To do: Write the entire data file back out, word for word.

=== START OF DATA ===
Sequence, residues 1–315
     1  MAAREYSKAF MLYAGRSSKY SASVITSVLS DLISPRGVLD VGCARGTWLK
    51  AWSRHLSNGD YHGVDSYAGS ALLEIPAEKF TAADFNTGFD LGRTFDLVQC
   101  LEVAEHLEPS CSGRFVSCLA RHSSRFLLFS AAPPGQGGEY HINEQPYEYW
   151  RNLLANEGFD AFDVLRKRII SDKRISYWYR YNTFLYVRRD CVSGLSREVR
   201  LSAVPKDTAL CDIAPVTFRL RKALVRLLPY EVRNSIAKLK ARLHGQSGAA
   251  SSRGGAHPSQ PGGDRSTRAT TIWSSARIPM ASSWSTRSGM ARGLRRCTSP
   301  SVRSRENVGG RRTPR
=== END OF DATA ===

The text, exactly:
Sequence, residues 1–315
     1  MAAREYSKAF MLYAGRSSKY SASVITSVLS DLISPRGVLD VGCARGTWLK
    51  AWSRHLSNGD YHGVDSYAGS ALLEIPAEKF TAADFNTGFD LGRTFDLVQC
   101  LEVAEHLEPS CSGRFVSCLA RHSSRFLLFS AAPPGQGGEY HINEQPYEYW
   151  RNLLANEGFD AFDVLRKRII SDKRISYWYR YNTFLYVRRD CVSGLSREVR
   201  LSAVPKDTAL CDIAPVTFRL RKALVRLLPY EVRNSIAKLK ARLHGQSGAA
   251  SSRGGAHPSQ PGGDRSTRAT TIWSSARIPM ASSWSTRSGM ARGLRRCTSP
   301  SVRSRENVGG RRTPR